Wednesday, 6 February 2013

Review: Lost 6.5: Lighthouse

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Jacob's a bit of a creeper.
Lost - Season Six, Episode Five - Lighthouse
Written between 19th and 20th January 2013

Jack is a character that, during the last season, embodied one of the worst possible paradoxes in character design and function. As our blessed hero protagonist dude, he was also one of the less interesting characters in the cast and almost every decision he made was at the detriment of those around him, culminating in his failure to understand very basic logic and the subsequent death of Juliet. Season Six, rather remarkably, pacifies the problems surrounding Jack by turning him into a follower instead of a leader, and a willing follower this time. The episode very much benefited from this development, and the character managed to shine through most of the muck I've spread about him on this blog.
     On the island, Jacob appears once more to Hurley and gives him instructions to leave via a secret passageway with Jack and take him to the Lighthouse, in order to supposedly guide some people to the Island. While initially reluctant to go, Jack agrees when Jacob pulls out a phrase that Jack's father Christian used to use to belittle him. They get to the Lighthouse, where there is a massive compass wheel with 360 names on it, lined up to each degree. Turning the lighthouse to each degree shows an image of that candidate's childhood home; this causes Jack to become angry at the fact that Jacob has arguably been using the Lighthouse to stalk him for his entire life. He smashes the mirrors, and Jacob tells Hurley that this was intentional; he's giving Jack a sense of purpose in his life. Elsewhere, and Clare returned, holding both Jin and one of the Others hostage. She appears to have gone insane, cradling a cow skull as a baby and believing that the Others have taken Aaron. Jin tries to tell her that Aaron is off-island with her mother, but she gets angry and kills the Other anyway, believing now that Jin was lying to her to save the other man's life. He is shocked to discover that the friend who has been feeding her all of these lies is in fact The Man In Black.
     In the flash-sideways timeline, Jack returns home and we find that in this world he has a son, called David. David is emotionally distant from his father and Jack, the product of a bad father himself, is at a loss as to how to deal with him. Jack goes to visit his mother, who despite Christian's body being missing has managed to find his Last Will And Testament, which mentions as one of its benefactors Claire Littleton. When Jack gets home, David is gone, causing him to worry. He goes over to David's mother's house, and using a spare key he is able to enter. Once inside, he discovers that David has gone to a Piano recital - travelling there, Jack discovers that David is still playing, and is a master. David later explains to Jack that the reason he didn't want Jack to see him play was because, like his father before him, he didn't want to appear a failure.
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Claire is more paranoid than a noid that's been para'd.
(I'm running out of funny similies, people).
     As I said last week, there are a few things in the flash-sideways that we'll come to question once we reach the end of the series, this week's thing being the existence of David. I liked what the writers were going for here, and it was a neat idea to show how Jack deals with his own paternal issues by trying to be a better dad to his own son - a matter for closure that the Jack in our timeline never got. It's a real exploration of the things that the Flash-Sideways timeline can do, and completes a lot of our character arcs without having to lose drama in the main plot.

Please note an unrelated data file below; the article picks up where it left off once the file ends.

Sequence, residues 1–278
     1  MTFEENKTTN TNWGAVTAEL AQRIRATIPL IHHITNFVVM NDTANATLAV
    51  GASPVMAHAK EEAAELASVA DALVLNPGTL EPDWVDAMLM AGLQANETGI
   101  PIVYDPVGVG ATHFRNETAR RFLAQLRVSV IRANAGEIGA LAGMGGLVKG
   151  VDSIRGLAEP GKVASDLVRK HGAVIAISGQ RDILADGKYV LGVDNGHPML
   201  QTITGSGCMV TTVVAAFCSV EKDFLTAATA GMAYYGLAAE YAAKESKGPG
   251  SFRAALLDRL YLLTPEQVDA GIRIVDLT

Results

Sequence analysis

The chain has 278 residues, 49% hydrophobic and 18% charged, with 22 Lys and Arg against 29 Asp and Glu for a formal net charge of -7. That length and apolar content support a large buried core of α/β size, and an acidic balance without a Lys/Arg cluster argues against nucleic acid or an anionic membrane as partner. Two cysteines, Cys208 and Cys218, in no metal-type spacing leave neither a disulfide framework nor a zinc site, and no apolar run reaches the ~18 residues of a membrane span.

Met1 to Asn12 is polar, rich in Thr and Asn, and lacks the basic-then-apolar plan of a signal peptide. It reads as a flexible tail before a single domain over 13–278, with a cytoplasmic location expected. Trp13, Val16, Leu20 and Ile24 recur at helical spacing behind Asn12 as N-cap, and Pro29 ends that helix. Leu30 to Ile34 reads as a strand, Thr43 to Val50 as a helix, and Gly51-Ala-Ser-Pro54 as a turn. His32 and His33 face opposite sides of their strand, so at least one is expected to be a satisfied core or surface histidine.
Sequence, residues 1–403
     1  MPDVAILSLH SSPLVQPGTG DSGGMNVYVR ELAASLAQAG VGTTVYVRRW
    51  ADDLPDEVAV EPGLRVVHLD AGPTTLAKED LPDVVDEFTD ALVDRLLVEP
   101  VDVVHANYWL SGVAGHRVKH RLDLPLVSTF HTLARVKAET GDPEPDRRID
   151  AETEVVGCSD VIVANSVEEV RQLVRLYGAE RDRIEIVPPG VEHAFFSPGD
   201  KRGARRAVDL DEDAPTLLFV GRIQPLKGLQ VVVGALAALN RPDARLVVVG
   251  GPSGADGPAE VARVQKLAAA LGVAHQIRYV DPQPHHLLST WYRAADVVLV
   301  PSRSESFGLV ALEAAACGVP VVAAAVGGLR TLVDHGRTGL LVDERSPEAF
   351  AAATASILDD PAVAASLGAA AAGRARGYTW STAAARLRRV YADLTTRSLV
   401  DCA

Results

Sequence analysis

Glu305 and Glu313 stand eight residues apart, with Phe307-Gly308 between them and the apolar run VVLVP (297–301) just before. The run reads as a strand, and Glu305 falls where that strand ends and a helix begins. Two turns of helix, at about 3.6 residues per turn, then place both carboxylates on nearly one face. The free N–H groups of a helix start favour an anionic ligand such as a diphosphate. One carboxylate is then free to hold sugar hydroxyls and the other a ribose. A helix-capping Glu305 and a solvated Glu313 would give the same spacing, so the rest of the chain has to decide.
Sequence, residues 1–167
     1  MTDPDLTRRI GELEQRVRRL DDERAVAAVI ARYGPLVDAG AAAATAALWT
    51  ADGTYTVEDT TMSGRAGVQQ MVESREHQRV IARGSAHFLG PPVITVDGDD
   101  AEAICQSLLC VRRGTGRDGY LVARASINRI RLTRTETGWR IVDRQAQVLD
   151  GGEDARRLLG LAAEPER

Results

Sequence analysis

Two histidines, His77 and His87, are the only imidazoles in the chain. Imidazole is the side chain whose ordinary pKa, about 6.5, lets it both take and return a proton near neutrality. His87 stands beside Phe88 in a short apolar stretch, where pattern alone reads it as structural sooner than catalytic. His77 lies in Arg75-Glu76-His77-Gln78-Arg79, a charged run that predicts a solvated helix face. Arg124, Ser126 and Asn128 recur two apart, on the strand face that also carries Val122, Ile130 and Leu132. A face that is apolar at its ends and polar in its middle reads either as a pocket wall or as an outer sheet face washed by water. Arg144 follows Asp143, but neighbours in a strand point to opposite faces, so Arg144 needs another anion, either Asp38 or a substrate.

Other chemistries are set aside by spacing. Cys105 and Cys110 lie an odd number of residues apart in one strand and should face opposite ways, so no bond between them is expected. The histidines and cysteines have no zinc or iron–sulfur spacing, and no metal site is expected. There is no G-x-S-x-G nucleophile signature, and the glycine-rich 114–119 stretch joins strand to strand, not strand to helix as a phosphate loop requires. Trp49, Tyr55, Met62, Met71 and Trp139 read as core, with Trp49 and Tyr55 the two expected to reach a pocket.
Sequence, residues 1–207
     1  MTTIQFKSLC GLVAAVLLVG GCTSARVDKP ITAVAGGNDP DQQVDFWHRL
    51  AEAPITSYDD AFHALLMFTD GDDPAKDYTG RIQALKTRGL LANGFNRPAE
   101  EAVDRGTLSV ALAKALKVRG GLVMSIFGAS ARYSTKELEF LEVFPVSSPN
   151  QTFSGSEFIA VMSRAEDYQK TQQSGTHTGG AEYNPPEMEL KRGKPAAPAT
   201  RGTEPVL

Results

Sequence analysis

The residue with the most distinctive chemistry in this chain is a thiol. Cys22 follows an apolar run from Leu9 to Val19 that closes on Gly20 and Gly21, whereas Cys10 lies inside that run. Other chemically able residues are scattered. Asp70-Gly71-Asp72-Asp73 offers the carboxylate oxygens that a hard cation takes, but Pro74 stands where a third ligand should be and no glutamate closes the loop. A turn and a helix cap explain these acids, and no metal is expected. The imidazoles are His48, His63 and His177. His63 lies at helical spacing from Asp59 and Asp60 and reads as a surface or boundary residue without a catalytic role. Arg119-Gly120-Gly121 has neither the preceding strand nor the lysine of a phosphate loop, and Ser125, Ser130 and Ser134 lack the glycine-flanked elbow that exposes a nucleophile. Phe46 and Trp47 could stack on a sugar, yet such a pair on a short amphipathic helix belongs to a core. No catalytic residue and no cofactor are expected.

It's probably the wrong attitude to have, but early in the series, I'm not finding much to harp on about and that's at least somewhat disappointing. So far, the only real issues have been a few random touches of mystique where none was needed. Lighthouse had some of that, with Jacob's Jesus-esque plan being well and truly in effect, but it's still caught in this apprehensive, "where is this all gonna go" haze that smoothes over any cracks. Lighthouse was entertaining and intriguing, and while it wasn't as powerful as every episode of a final season should be, it helped me to finally come to like a character I've had problems with for a long time.

Thanks.

2 comments:

  1. Poor Jack. He really failed to live up to your ideal of the male leading man, didn't he? Which is probably why I found him to be one of the show's most interesting characters. As the leading man, he wasn't ideal. And there is nothing more boring than the ideal leading man in a movie or TV show.

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    Replies
    1. Hi Rush Blog! It's great to hear from you again. I honestly do look forward to your comments; it often feels like you're the only person who reads these bloody things.

      As I've said before, the reason that Jack is not my favourite character (although having now seen the first three seasons I see that he is more well-rounded than I gave him credit for) is rather more because the show treated him like a messiah when such wasn't necessary. It was his selfish actions in Season Five and the way he was prepared to ruin everyone else's lives in order to avoid facing the fact that he was an abusive partner to the woman he loved.

      And, as I say in the review above, Season Six redeemed him in my eyes. I wasn't 100% happy with the way it went down, but Jack admitted his mistakes and made up for them, even if that meant relinquishing the control that he felt he had to have.

      I look forward to more comments from you as I finish Season Six and go onto the first three seasons. :)

      Thanks.

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